Travel, Teach, Live in Korea

How to Build Instant Trust With Your Co-Teachers in Seoul and Korea
By:Daniel E Massicotte

In order to understand this section, you need to know that there's a secret society trick that you can use, even though you're not Korean. In fact you're probably very familiar with this strategy, only you've never thought of doing it yourself.

If you use this strategy, you're instantly perceived as "one of us" at your work. Koreans think in terms of "us" rather than individually. The more you try to understand this way of thinking the more you'll be considered a part of the team of teachers at your public, middle, kindergarten or elementary Korean school.

While this strategy worked very well for me it may not be as prevalent in the culture of your co-teachers. I taught in Seoul, and this secret I'm about to reveal to you has done wonders for me. Take the time to observe how your Korean co-workers show their gratitude and appreciation to each other if you want to be able to:

Mend mistakes you've made with your co-teachers.

Make up for not going out drinking every second night of the week.

Bonding with your co-workers.

Make in-class co-teaching go smoother and be more amusing.

Say you work at an office in Toronto and you finish work at 3:40pm. You leave. In Korea however, everyone at the office must wait until the last person finishes working so they can leave together. This of course varies depending on what kind of school you are teaching at. Some private schools in Seoul let you leave once the cleaning is done and the boss is ready to leave the school and lock the doors. Other schools, particularly public schools where there is a janitor always on site let you come and go as you please.

When Koreans at both private and public schools living inside and outside of Seoul or Busan celebrate an event, they give to everyone. If I just got a promotion, I would take my boss out for drinks with some other co-teachers and "it's all on me". Normal, right?

Recall the first day of school, there was a rice cake on your desk. Who gave it to you? Well let's say MR Kim has a son who is getting married, to celebrate Mr. Kim will buy something for everyone in your office. Notice how he gives one small thing, to everyone in the office, and sometimes everyone in your school.

Don't think this is just a Korean thing you can't use. You should have a reason for giving a bunch of things, and you should also do it at a time when your co-workers will see that it's from you. Again, if this is not the custom at your school because your co-workers usually gift a bottle or water or a water bottle, do that. Do what everyone else is doing because as a foreigner, you don't always know what certain gifts mean.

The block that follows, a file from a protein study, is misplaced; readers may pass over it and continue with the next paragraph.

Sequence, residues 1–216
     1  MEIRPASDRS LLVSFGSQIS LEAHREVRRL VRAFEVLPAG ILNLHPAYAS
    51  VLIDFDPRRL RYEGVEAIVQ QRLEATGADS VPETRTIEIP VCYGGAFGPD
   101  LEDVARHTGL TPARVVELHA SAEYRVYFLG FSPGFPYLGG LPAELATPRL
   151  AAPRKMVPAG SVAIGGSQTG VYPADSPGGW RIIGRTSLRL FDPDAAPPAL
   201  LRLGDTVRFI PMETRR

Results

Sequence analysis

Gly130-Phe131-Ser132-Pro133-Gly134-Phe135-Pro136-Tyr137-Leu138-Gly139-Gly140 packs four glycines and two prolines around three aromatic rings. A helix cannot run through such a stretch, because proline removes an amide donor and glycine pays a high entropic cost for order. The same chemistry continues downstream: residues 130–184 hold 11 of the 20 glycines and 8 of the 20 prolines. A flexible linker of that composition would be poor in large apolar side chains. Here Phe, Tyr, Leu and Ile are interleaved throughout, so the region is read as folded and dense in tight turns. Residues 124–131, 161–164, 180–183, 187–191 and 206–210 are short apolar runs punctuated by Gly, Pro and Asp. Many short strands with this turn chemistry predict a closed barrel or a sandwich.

What can you give?

You can give anything that costs between 500won and 3,000won. If there's 24 teachers in your office, well, yes, you're going to pay about 74,000won on gifts for them. You should have a reason why you're doing it. You could use any of the following:

It's been really cold out lately, so I'm giving hot packs to everyone so you stay warm.

I just resigned on a second year, so I'd like to give everyone a "Ferrero Rocher" chocolate.

In my country we celebrate Christmas, here is bottle of water ~ Merry Christmas.

Giving green tea in South Korea means you're wishing the person receiving it good health and wellness. These acts of putting everyone in your office as "we" and seeing yourself part of a bigger picture will give you instant brownie points.

You don't have to limit yourself to the people in your office. You could give a gift to all your English co-teachers. Since you're working with them, you really want to show them preference over other co-workers. I'd recommend giving the principal and vice-principal something too.

Do this, and you're golden in the eyes of your co-workers. They'll see that you're making an effort to understand South Korean culture in the workplace. You'll be perceived as someone who 'gets' the culture in Korea and is willing to try new things. Empathy is very important when you're surviving in a new culture like South Korea and don't really feel like you fit in. And if you don't understand the culture, by all means just look at the gifting strategy as a way for you to give first. When you give, it always comes back.

Dan teachers Native English Teachers how to survive in Korea by cooking, giving and being loving at their schools. Join his free newsletter: http://www.survivalinkorea.com.

[Edited by Administrator (admin) Wed, 06 Jul 2011, 07:20 PM]






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